Swale Ale Walk 7

A Sheppey Stroll


This island walk starts at Sheerness Railway Station and then follows the coast to visit the Ship on Shore, The Napier and though to Blue Town to The Red Lion.


This circular walk consists takes around one hour. The walk mainly follows the sea front, Marine Parade and though the town centre to reach Blue Town.

The Walk

Starting at Sheerness Railway Station you should cross at the pedestrian crossing and head towards the beach with the McDonalds and supermarket development on your left. As you follow the path you will see the trappings of an old seaside resort with amusement park and arcade developments, which were still open even though our visit was in the middle of winter with snow and ice on the ground.  After around 4 minutes you reach some concrete steps that take you up over the imposing sea wall and deposit you on the main promenade. Looking directly out to sea it is possible to see Essex in the background with the masts of the USS Richard Montgomery which ran aground on 20th August 1944 and became stuck on the sand bank.




USS Richard Montgomery was an American Liberty ship built during World War II, one of the 2,710 used to carry cargo during the war. The ship was wrecked off the Nore in the Thames Estuary in 1944 with around 1,400 tons of explosives on board, which continue to be a hazard to the area.  You should turn right at the bottom of the steps and follow the promenade with the beach on your left.


After approximately 6 minutes the path will split. Turn left and down a few steps and then turn right across the shingle beach. Alternatively you can turn right and walk over the sea wall. Either way you will re-join the main promenade in approximately 2 minutes.  After a short walk you will come to a bend in the large sea wall and a set of steps. Looking over this wall you will be greeted with an aerial view of The Ship on Shore and its historic Grade II listed Grotto made from a mixture of cement barrels, rocks and stone.  Information on the walls of the pub and a leaflet supplied by the landlord suggest that the Grotto was built from cement barrels salvaged from a small ship called the 'Lucky Escape' when she floundered during heavy seas.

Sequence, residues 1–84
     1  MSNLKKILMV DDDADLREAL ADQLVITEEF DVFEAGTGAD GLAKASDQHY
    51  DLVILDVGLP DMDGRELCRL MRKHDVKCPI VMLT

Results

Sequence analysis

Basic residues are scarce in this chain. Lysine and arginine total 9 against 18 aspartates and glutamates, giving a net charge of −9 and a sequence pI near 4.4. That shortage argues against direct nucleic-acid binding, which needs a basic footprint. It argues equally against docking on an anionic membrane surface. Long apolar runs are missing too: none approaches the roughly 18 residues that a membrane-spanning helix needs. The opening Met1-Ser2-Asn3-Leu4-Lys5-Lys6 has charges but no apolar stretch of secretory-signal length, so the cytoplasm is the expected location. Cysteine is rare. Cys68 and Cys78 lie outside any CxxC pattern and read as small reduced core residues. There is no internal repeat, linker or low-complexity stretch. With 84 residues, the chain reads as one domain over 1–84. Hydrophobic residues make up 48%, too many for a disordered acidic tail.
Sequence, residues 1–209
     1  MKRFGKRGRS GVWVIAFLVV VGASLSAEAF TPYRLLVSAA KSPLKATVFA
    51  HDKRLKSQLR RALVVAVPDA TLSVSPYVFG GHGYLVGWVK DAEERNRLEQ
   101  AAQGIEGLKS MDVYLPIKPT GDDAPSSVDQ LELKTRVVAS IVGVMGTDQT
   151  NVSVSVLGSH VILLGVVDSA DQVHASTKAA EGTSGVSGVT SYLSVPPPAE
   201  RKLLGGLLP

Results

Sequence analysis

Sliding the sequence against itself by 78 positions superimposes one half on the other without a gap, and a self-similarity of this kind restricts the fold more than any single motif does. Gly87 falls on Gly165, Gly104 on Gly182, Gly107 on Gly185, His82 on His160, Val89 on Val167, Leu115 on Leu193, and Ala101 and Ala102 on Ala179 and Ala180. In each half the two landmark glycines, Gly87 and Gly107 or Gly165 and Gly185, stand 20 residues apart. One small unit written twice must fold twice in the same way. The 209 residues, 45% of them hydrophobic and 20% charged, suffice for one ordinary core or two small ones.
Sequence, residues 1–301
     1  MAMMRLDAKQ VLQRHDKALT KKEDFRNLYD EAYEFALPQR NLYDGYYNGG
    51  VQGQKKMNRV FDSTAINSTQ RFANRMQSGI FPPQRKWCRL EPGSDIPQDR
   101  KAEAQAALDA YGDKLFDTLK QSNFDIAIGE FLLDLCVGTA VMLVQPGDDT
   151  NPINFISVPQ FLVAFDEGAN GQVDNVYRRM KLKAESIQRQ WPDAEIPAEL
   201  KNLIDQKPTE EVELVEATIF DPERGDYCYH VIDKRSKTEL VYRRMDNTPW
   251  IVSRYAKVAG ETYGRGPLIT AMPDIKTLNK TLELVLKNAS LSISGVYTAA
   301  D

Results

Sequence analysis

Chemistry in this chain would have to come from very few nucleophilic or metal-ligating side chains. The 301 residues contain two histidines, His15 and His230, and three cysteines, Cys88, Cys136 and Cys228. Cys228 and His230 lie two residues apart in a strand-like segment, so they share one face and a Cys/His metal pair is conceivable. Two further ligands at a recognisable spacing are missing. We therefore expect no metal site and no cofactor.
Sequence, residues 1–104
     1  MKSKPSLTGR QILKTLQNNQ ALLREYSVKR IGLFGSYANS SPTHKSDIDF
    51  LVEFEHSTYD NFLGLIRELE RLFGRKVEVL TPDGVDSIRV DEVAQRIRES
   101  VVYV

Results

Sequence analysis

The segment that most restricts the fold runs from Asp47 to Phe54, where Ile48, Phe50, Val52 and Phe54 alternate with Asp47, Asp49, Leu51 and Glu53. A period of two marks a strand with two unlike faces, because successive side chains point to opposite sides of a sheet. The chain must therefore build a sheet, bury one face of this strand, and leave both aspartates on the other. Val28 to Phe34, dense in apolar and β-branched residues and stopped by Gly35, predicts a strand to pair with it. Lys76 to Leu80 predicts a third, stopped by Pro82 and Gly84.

This long one barred pub has a games area to the left and a conservatory to the right serving simple pub meals. On our visit they were serving one real ale from a changing list, which was dispensed direct from the barrel in the cellar to the rear of the bar.


Upon leaving the pub take a left and follow Marine Parade towards Sheerness Town Centre. Your walk will follow the main road back to town with the imposing sea wall to your right. After approximately 10 minutes you will reach The Napier Free House.


This two barred ex Shepherd Neame pub has a distinctive public bar with four hand pumps serving national beers, which on our visit included London Pride and Courage Directors, both of which were in excellent condition. The second bar in this pub has been converted into a restaurant.